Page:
Lightfoot dinged for ‘unfounded statements’ about police raiding wrong home, leaving woman naked

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In a 164-page report by Chicago’s Office of the Inspector General, issued Friday, Chicago Mayor Lori Lightfoot, the city’s police department, and the Civilian Office of Police Accountability were each taken to task over a botched February 2019 police raid, with Lightfoot and others being calling out for several “unfounded statements” made over the incident.

Following a bad tip, Chicago police officers stormed the wrong West Side house in search of a suspect and found social worker Anjanette Young in the middle of dressing. Young was handcuffed, naked, in front of a dozen officers, for nearly ten minutes before they allowed her to get dressed.

Young settled a $2.9 million lawsuit with the city last month.

“City government failed to appropriately respond to a victim of a CPD wrong raid, failed to act with transparency in City operations, and performed a series of governmental actions in a manner that prioritized communications and public relations concerns over the higher mission of City government,” the OIG found.

According to Fox News, Lightfoot reportedly sought a court order in 2020 to prevent local news station WBBM-TV from airing police body camera of the event, on which Young can be heard saying, “You’ve got the wrong house! I live alone!”

Lightfoot initially claimed she knew nothing of the raid until it eventually aired, following a court order to give the footage to Young, who then gave it to WBBM.

Later, Lightfoot was forced to admit she knew about the debacle in November 2019, when she was sent an email concerning it. At the time, she stated in an emailed response that she had “a lot of questions.”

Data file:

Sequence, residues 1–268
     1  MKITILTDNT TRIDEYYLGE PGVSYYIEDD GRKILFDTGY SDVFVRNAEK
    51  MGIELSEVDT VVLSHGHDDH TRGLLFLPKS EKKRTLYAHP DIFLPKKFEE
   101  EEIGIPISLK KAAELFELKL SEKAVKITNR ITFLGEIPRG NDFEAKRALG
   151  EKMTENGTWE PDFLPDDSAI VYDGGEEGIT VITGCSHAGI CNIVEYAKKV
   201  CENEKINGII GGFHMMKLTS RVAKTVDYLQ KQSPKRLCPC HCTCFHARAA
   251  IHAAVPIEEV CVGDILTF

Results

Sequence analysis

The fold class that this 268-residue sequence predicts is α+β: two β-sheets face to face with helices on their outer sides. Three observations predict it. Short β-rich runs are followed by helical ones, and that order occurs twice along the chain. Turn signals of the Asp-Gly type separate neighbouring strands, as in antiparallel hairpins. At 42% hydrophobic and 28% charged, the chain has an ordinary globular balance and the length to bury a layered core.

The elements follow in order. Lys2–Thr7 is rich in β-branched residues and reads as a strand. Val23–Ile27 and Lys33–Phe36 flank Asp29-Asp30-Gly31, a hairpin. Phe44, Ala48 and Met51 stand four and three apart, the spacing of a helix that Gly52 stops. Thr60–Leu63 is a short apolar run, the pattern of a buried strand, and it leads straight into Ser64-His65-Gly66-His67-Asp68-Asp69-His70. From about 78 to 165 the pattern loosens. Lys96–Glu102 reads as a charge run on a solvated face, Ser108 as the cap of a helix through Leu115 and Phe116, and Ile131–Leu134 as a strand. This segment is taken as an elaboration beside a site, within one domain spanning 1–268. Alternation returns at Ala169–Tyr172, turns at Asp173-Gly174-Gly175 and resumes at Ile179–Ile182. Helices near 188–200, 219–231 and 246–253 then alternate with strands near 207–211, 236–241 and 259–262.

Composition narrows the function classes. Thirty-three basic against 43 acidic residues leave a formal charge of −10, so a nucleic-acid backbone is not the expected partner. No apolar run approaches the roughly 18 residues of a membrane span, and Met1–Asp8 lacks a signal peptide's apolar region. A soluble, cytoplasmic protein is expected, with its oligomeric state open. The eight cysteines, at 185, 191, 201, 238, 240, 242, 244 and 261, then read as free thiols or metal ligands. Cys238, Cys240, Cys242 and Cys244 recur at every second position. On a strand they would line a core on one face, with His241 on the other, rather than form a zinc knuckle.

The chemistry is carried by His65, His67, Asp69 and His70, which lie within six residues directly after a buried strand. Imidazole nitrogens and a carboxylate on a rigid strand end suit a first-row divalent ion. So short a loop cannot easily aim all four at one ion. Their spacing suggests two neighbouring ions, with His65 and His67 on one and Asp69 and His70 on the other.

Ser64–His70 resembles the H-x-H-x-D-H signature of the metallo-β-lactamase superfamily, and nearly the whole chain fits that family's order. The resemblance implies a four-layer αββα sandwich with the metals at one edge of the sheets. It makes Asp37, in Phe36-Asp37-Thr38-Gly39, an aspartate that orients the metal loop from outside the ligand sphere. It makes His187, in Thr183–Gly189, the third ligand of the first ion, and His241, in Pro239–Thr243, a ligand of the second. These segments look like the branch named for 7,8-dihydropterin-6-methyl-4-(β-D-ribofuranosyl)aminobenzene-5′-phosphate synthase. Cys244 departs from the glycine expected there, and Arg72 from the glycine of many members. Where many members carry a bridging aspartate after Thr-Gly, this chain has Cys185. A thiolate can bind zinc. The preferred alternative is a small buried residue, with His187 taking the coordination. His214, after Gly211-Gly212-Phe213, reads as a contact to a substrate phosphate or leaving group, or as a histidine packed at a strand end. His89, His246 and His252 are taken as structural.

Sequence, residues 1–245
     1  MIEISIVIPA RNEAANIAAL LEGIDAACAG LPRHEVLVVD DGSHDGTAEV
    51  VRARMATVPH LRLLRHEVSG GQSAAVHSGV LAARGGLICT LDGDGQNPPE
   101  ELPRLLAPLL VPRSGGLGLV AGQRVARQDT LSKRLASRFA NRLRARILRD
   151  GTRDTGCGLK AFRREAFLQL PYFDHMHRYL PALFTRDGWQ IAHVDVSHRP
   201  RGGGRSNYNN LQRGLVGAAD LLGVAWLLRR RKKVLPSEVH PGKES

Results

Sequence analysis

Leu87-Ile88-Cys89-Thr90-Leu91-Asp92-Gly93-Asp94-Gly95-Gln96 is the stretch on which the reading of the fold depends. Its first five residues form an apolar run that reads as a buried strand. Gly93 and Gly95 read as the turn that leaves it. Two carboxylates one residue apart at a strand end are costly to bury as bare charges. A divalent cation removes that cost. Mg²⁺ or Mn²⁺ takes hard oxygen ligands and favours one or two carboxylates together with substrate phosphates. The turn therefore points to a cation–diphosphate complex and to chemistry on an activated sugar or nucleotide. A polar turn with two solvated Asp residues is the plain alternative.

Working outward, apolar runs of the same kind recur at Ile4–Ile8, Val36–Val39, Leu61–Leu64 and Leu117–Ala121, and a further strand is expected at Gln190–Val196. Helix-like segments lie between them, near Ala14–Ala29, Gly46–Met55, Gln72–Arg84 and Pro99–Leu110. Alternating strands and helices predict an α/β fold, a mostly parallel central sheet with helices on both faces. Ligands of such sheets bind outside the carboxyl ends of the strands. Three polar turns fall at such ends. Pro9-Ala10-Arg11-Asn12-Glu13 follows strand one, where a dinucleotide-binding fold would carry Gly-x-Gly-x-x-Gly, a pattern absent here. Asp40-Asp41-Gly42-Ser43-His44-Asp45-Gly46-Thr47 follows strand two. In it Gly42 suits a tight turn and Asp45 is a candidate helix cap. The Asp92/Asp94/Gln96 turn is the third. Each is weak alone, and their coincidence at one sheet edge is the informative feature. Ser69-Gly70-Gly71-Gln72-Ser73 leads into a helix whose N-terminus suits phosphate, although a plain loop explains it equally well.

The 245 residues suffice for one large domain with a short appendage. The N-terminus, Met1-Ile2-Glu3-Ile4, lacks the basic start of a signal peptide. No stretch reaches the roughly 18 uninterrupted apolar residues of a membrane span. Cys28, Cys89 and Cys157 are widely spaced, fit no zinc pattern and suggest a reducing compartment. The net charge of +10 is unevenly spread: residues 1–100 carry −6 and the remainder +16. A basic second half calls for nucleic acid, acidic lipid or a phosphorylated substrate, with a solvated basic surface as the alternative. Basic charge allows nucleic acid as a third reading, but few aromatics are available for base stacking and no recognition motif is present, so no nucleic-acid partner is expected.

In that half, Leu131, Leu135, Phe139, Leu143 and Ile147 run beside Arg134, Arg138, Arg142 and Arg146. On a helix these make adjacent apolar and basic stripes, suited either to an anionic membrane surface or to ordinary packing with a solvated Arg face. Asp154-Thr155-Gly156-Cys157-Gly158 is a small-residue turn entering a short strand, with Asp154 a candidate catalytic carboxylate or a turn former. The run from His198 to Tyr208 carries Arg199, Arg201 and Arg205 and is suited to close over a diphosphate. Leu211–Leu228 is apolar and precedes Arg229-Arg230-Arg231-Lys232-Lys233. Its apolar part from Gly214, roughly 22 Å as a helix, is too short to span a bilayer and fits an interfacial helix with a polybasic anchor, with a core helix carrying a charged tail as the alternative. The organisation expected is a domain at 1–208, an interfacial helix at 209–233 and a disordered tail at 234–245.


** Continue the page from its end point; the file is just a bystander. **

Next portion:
The IG report found that, even if knowledge of the incident had slipped her mind, Lightfoot’s subsequent statements lacked “appropriate due diligence and fact-checking” and created an “incomplete and inaccurate depiction to the public and the media” concerning the city’s prior communications over the wrongful raid.

Furthermore, the report found that “after learning details of the Young raid, numerous city employees failed to promptly report the raid to COPA [Civilian Office of Police Accountability]. The raid occurred on February 21, 2019; yet no complaint was opened until November 12, 2019, nearly nine months later.”

The report, however, stopped short of recommending any disciplinary action due to concurrent investigations.

“Inspector General Joe Ferguson (now retired) said in October that he was unable to recommend disciplinary action against any city employees because a simultaneous, outside investigation requested by the mayor included interviews with 20 of those same city employees. Lightfoot administration then claimed Attorney client privilege does shield that information from him,” the Chicago Sun Times reported.

In a response included in the OIG report, Lightfoot’s office issued a statement, saying, in part: “OIG was and remains silent on its own role in handling Ms. Young’s case … the fact that the OIG has opined about the conduct of other departments, but not itself undermines the legitimacy of the OIG and work on this matter and, we fear, other important OIG work.”


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